Trampoline Falls Injure Almost 300K a Year, Most Of Them Kids

It happened in our neighborhood.

A tween girl was jumping on a neighbor's trampoline when she was double-jumped by another kid, fell and broke her ankle.  This was particularly heart-breaking because she was a star athlete and now, two years later, the damage may be permanent.

According to, trampoline accidents sent an estimated 288,876 people, most of them children, to hospital emergency departments with broken bones from 2002 to 2011.

"Including all injuries, not just fractures, hospital emergency rooms received more than 1 million visits from people injured in trampoline accidents during those 10 years, boosting the emergency room bills to just over $1 billion, according to the study," the Web site reports.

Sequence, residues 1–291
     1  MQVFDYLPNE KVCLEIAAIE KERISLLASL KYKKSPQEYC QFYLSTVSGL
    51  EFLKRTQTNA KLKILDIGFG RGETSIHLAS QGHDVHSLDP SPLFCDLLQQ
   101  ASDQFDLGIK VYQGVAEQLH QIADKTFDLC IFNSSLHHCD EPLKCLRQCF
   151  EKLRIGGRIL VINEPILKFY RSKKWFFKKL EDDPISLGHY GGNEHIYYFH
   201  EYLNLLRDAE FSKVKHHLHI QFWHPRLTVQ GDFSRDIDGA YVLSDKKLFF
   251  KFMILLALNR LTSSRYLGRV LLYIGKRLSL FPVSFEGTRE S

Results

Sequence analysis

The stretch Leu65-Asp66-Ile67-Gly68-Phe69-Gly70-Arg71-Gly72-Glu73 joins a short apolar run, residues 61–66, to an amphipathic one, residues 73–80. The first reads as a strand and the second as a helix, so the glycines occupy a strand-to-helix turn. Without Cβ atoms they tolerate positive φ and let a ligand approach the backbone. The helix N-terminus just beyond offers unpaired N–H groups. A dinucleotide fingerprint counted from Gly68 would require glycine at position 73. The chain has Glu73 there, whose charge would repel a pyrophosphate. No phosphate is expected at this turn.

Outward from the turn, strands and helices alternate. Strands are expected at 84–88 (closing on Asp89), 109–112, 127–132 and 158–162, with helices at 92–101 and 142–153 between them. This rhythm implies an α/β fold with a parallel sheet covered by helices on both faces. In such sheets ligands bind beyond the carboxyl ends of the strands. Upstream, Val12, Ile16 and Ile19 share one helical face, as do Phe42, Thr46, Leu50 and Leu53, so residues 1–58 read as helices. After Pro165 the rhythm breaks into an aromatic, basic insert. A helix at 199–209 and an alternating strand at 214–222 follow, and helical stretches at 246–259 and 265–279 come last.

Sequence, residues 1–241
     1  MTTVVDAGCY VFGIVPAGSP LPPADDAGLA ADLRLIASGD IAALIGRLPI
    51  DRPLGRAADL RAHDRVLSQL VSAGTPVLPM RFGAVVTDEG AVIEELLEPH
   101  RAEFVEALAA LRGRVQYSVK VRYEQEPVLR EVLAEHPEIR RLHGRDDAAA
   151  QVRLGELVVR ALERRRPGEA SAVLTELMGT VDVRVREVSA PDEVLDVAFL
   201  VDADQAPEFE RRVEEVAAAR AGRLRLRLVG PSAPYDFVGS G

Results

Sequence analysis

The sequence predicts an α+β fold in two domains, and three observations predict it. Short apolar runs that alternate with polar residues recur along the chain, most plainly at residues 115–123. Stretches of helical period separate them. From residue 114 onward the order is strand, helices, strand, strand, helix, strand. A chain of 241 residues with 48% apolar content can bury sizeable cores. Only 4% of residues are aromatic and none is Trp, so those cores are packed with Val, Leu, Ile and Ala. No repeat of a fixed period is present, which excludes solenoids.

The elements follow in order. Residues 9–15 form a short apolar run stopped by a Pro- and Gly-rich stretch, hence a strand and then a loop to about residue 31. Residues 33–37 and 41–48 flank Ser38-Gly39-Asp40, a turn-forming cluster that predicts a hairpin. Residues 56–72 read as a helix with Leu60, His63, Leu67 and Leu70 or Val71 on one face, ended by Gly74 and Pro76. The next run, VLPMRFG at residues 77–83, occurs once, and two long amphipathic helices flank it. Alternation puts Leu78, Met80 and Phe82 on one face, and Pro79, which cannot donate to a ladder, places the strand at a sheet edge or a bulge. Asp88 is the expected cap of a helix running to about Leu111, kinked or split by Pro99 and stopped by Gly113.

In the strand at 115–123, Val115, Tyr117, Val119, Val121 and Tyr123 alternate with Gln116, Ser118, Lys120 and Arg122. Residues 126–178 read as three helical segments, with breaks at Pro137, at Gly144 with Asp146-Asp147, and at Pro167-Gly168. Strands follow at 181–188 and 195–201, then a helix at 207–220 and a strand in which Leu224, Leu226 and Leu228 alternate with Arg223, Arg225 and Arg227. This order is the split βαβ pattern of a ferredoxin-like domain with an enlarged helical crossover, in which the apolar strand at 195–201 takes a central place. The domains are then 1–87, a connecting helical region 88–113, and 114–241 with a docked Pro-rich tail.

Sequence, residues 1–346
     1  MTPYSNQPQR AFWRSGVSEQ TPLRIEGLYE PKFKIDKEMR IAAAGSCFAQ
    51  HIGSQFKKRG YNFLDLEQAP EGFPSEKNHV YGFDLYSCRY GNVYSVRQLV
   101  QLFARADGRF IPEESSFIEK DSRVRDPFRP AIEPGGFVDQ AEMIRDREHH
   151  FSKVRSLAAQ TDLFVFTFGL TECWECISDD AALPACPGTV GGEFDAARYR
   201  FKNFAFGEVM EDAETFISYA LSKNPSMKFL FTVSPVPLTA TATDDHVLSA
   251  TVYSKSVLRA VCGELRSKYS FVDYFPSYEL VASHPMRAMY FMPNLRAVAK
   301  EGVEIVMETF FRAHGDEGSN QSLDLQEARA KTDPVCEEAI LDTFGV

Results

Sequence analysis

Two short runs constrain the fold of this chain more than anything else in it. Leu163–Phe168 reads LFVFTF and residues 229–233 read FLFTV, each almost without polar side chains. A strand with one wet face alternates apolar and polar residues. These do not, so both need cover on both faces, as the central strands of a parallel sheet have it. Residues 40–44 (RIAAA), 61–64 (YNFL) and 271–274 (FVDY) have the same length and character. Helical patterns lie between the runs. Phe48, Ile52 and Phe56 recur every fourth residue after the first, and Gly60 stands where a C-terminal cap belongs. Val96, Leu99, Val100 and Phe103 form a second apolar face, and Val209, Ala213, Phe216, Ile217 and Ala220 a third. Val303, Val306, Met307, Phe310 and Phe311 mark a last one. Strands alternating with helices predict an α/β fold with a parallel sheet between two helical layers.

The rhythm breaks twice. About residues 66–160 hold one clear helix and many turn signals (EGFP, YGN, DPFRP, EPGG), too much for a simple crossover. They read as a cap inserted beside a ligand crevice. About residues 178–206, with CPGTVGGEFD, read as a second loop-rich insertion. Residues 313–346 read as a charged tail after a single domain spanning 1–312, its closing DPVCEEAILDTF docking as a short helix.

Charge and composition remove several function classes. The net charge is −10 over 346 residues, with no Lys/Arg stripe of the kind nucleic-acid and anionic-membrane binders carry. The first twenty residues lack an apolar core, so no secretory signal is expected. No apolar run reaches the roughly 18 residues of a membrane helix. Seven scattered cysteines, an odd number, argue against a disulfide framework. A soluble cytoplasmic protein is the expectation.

About 60 percent of the fractures were upper-extremity injuries, notably fingers, hands, forearms and elbows. Lower-extremity fractures most commonly were breaks in the lower leg -- the tibia and fibula -- and ankles. Just over 4 percent involved fractures to the spine, head, and ribs and sternum. An estimated 2,807 spinal fractures were reported during the period studied.

"Fortunately, there were fewer spine injuries than might have been expected, but those can be catastrophic," newswise quotes Meagan Sabatino, clinical research coordinator for pediatric orthopedic surgery and a study co-author.
While the average age for most of the injuries was about 9 years old, the average age for spine and head injuries was substantially higher at 16.6 years old.  "They're probably jumping higher, with more force," says the study's lead author, Randall T. Loder, M.D., chair of the IU School of Medicine Department of Orthopaedic Surgery and a surgeon at Riley Hospital for Children at IU Health.
Our tween was 11.  Two other girls we know her age developed concussions from falls on a trampoline.  


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